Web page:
Change the World
A workgroup advocating for racial equity in child welfare. We are working actively to identify policies and procedures to support antiracist practice.
Racial disproportionality and racial disparities in the U.S. child welfare system are significant and long-standing. Firm action is needed to correct policies, procedures, and perspectives that perpetuate systemic racism.
The Kansas Strong Steering Committee, in partnership with the Center for the Study of Social Policy has convened a workgroup to assess and address racial disproportionality and disparities experienced by Black or African American children and families who are involved with the child welfare system in Wyandotte County Kansas.
- Black children represent 13.8% of the national child population and make up 24.3% of the foster care population.
- Placement stability is lower for Black children even when accounting for age and trauma symptoms.
- Reunification of Black families occurs at lower and slower rates as compared to their White counterparts in foster care.
Institutional Analysis: A Process of Uncovering Systemic Bias and Racism
Institutional Analysis is a diagnostic process of collecting and analyzing qualitative and quantitative data in a system and community to understand how families experience child welfare systems. It aims to reveal and address the disconnect between what children/youth and their families need to be safe, and how institutions are organized to act.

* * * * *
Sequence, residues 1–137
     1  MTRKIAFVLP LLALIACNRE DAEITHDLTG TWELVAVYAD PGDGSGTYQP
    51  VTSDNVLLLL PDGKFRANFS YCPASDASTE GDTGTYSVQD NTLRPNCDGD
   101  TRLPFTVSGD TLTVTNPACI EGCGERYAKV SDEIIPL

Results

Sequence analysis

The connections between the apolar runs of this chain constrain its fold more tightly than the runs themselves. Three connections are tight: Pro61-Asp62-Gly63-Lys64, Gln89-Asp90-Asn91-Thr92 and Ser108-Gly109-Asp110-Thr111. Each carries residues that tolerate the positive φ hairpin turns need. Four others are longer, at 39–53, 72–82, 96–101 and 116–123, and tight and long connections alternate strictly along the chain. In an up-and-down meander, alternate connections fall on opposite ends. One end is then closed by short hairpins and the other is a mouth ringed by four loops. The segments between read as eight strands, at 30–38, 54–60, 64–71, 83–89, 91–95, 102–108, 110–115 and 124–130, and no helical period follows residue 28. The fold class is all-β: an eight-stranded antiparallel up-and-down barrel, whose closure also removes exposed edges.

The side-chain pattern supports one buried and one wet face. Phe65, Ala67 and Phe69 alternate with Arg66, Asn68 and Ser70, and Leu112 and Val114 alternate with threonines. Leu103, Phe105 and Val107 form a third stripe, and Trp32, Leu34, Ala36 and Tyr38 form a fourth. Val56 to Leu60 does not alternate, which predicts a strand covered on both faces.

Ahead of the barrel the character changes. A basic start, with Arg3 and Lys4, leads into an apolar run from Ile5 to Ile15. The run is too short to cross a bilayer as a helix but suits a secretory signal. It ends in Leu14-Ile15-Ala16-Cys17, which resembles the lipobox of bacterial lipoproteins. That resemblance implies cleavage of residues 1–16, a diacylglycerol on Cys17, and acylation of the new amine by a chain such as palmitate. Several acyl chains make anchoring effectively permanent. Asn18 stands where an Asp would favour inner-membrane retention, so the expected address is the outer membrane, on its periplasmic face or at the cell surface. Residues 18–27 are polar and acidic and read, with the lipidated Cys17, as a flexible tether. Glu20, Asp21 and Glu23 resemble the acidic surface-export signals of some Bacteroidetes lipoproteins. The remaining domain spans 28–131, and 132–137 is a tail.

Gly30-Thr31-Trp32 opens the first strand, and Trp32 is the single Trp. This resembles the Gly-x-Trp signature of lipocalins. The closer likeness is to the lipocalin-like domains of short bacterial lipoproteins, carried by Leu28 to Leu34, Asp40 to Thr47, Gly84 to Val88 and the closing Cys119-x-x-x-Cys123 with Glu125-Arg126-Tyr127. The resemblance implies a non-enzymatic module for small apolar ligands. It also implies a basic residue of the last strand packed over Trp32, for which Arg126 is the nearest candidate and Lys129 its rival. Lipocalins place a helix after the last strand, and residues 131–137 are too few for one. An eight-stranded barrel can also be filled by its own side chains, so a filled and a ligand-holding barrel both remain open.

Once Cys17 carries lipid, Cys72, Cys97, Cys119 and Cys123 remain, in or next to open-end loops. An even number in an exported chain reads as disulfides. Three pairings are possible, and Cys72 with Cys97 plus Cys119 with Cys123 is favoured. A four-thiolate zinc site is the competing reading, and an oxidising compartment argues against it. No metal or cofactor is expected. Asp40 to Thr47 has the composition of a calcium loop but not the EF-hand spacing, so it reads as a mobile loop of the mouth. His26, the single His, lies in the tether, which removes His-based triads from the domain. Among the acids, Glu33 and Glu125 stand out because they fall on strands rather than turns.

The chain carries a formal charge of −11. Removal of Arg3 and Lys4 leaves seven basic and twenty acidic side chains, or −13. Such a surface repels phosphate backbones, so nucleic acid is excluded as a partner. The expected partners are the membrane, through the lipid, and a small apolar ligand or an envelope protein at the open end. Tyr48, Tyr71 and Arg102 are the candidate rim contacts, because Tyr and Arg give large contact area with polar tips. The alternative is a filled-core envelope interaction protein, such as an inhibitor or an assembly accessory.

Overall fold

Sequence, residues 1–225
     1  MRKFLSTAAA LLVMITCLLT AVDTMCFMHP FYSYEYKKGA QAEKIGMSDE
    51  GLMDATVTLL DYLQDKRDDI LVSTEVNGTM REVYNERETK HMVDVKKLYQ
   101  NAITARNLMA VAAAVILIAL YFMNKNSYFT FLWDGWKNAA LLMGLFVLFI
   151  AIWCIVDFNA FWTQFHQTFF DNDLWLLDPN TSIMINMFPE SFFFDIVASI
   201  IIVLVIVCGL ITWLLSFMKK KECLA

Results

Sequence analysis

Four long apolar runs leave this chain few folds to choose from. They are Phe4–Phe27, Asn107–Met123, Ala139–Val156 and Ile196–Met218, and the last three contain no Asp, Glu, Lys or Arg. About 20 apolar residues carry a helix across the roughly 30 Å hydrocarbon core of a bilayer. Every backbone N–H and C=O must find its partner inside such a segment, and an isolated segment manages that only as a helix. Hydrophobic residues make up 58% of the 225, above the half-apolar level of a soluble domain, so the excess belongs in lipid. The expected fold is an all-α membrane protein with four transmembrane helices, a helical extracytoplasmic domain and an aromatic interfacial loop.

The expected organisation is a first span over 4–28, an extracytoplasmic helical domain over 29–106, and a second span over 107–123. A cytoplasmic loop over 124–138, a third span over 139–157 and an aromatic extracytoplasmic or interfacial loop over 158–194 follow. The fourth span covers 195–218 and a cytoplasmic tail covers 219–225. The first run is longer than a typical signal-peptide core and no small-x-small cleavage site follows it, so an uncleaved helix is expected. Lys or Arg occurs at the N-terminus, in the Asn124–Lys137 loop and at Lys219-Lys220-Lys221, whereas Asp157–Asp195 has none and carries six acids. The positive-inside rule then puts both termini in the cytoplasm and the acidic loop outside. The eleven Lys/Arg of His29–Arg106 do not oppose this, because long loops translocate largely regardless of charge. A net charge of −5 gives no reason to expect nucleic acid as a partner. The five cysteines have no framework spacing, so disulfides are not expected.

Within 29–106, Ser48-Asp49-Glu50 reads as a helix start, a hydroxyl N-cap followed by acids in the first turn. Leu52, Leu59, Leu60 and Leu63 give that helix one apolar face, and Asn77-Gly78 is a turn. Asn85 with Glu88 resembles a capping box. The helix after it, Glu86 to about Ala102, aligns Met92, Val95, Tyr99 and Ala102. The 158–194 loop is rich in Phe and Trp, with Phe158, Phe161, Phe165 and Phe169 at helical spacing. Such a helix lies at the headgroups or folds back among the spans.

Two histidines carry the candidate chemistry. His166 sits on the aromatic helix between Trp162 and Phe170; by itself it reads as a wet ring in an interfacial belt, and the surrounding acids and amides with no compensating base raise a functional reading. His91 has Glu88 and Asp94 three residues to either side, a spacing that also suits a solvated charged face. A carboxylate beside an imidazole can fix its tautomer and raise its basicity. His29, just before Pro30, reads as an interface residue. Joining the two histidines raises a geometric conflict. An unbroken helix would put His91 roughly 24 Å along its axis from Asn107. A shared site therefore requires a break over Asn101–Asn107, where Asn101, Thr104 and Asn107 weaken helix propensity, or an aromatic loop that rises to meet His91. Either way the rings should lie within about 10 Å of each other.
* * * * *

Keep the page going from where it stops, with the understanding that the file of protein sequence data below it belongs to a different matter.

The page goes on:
Institutional Analysis was developed by the Center for the Study of Social Policy and Ellen Pence. To learn more, visit the Center for Study of Social Policy website.
The Guiding Questions
The Wyandotte County Institutional Analysis was guided by two research questions:
1. How does it come about that Black families with young children (ages 0-5 years) experience low and slow reunification rates?
2. How does the child welfare system, prevention services, and other partners support the bonding and well-being of Black families and young children?
- To answer these questions, the workgroup conducted interviews and focus groups with 58 participants including:
- Black parents with lived experience of the foster care system
- Non-relative and relative foster parents who had cared for Black children in foster care
- Frontline caseworkers and supervisors
- Administrators in public and private child welfare agencies